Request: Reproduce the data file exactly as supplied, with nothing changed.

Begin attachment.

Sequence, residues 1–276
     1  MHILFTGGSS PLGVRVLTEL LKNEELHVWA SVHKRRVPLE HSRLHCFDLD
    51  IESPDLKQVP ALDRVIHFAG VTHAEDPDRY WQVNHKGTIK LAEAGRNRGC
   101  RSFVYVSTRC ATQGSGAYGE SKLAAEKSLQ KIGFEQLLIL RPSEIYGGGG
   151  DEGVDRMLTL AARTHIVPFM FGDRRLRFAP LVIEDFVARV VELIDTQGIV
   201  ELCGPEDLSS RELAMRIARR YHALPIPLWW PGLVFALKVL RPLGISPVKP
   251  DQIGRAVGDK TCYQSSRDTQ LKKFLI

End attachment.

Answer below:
Sequence, residues 1–276
     1  MHILFTGGSS PLGVRVLTEL LKNEELHVWA SVHKRRVPLE HSRLHCFDLD
    51  IESPDLKQVP ALDRVIHFAG VTHAEDPDRY WQVNHKGTIK LAEAGRNRGC
   101  RSFVYVSTRC ATQGSGAYGE SKLAAEKSLQ KIGFEQLLIL RPSEIYGGGG
   151  DEGVDRMLTL AARTHIVPFM FGDRRLRFAP LVIEDFVARV VELIDTQGIV
   201  ELCGPEDLSS RELAMRIARR YHALPIPLWW PGLVFALKVL RPLGISPVKP
   251  DQIGRAVGDK TCYQSSRDTQ LKKFLI